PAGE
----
Creating a Visual Feast
This article is from the archive of The New York Sun before the launch of its new website in 2022. The Sun has neither altered nor updated such articles but will seek to correct any errors, mis-categorizations or other problems introduced during transfer.
Close your eyes, and take a deep breath. It’s easy enough.
But try doing it all day, every day for two weeks — alone in a dance studio. Choreographer Shen Wei did just that. And he emerged not only with his sanity but also with a new technique for movement and dance.
“The breath can lead the body’s movements,” he said, stopping for a moment recently in a rehearsal studio to bow his head, take a breath, and float his right arm up in a soft, fluid arc.
It was a tiny movement, but it illustrated what’s to come in his latest work, “Re-,” which pays homage to Tibet and opens tomorrow at the Joyce Theater. The engagement — a week-long run with a two-piece program that includes his exceptional “Rite of Spring” (2002–03) — marks a significant milestone for Shen Wei Dance Arts, Mr. Shen’s six-year-old troupe. Tuesday is the company’s Joyce debut.
Mr. Shen — who was born in China and trained in multiple dance styles, as well as in painting and Chinese opera — has an unparalleled talent for meshing disciplines into smooth, fantastic worlds, and much space is needed to take in his creations that combine dance, visual art, theater, and music. For several years, Shen Wei Dance Arts has made its New York appearances during the summer at Lincoln Center Festival. The Lincoln Center venues could accommodate Mr. Shen’s majestic, large-scale works.
The Joyce Theater is built on a smaller scale, but the invitation to perform there was enthusiastically received. Mr. Shen has lived and danced in New York for 12 years, but his troupe sustains itself almost entirely on ticket sales from European tours. Presenting at the Joyce, a venue with a loyal audience, gives his company a more firm footing within the New York dance community. “It’s nice to be apart of it,” Mr. Shen said.
The visual feasts that he creates, however, are quite apart from anything else that bills itself as dance, at least on this continent. These are hypnotic works that sweep the viewer along at a pace that can be exquisitely glacial or violently urgent — sometimes both. They are detailed in the extreme, and yet wholly consuming.
“Folding” (2000) and “Near the Terrace” (2000–01) are kinetic tableaux of other worlds enlivened by precise, sculptural movement. “Connect Transfer” (2001) is a gripping combination of dance and visual art: Moving in articulate swoops, dancers with paint-filled mittens and socks produce a painting on the stage floor. Mr. Shen’s stab at “Rite of Spring” is a complex, wild ride that gives Stravinsky’s score a new energy. Like a gray sculpture garden that explodes into movement, then retreats again, it is worlds away from the many other dance works set to this piece of music.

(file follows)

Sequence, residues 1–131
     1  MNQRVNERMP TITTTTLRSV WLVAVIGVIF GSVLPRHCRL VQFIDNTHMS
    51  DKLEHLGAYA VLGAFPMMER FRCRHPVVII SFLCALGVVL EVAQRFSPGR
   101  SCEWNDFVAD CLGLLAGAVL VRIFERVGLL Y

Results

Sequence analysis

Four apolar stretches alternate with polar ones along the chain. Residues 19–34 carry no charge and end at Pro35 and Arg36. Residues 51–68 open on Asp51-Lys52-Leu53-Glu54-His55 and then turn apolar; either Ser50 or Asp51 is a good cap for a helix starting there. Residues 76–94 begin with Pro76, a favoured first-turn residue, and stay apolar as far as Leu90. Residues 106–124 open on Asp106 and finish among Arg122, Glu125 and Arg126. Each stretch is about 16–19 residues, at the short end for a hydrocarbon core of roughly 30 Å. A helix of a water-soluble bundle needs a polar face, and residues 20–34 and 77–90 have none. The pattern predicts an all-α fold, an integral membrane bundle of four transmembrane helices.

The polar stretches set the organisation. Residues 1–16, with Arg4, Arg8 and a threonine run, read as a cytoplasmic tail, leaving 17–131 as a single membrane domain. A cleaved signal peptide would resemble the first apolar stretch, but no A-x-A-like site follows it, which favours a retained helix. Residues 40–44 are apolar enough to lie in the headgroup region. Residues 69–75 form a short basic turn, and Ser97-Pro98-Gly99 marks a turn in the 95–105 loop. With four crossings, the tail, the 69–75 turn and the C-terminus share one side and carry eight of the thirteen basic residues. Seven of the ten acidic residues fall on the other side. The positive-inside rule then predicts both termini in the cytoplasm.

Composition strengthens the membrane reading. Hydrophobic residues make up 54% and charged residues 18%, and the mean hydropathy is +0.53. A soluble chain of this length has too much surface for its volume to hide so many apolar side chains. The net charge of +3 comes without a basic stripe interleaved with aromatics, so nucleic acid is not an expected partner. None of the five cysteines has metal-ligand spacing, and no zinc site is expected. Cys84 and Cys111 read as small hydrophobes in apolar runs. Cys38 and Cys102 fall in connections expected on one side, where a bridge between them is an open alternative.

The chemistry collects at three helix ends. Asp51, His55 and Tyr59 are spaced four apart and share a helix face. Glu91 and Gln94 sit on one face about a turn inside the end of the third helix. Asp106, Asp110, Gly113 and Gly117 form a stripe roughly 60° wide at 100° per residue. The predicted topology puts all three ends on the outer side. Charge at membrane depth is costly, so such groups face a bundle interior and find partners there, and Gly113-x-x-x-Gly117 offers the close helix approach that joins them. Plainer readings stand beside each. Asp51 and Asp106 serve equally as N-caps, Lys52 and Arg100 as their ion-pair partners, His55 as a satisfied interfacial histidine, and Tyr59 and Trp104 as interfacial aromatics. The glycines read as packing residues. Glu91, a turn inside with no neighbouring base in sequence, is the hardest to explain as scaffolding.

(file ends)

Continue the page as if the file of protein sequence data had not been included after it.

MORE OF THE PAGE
But while most of his work, like “Rite of Spring,” is non-narrative, “Re-” has a specific inspiration: the land, people, and culture of Tibet. After a trip to Tibet in 2005, the choreographer found himself captivated. “Because of the high altitude, the landscapes look completely different than anything I’ve seen,” he said. “The people I met were so humble, so peaceful.”
The culture shock he felt upon return led to thoughts about working with the imagery of Tibet. “I thought, How can I take my feelings, the landscape, the people, the religion, the purity, and transfer it all to a piece that lets the audience feel what I felt?” he said. “I want to share it with people. So I went back again.”
On his second trip, he devoted his time to praying in temples and thinking about how to incorporate the Tibetan culture into his work. And he found his answer: breath.
To many, this can sound pat; every yoga instructor in town gabs about sending “the breath” into places like elbows and earlobes. But Mr. Shen’s study enhanced his style of dance and allowed him to “focus how to transfer the breath affect onto the human body.”
Back in New York, he spent time alone researching on his own body and creating a technique for breathing deep from the lower back, “as a singer would,” he explained.
After taking time to teach his company what he learned, he worked with one dancer alone to develop movement from that breathing technique.
The results as they appear onstage will be accompanied by a Tibetan nun, Choying Drolma, singing, chanting — and, yes, breathing deeply. The setting is a mandala, a symbol of wholeness, sprinkled with snow, and the movement is — as the choreographer puts it — “even more detailed” than his past creations.
And in yet another first for the artist, he has recently published a book of his photographs of Tibet. The addition of photography to his repertoire is another way, he says, of enhancing his ability to see the world and translate it. “When an artist is sensitive, he can catch things faster and develop something,” Mr. Shen said. “All my education helps me in being a more sensitive artist.”
Judging by Mr. Shen’s articulate, highly developed sensitivity, he is a most educated artist.
Opens September 26 (175 Eighth Ave. at 19th Street, 212-242-0800).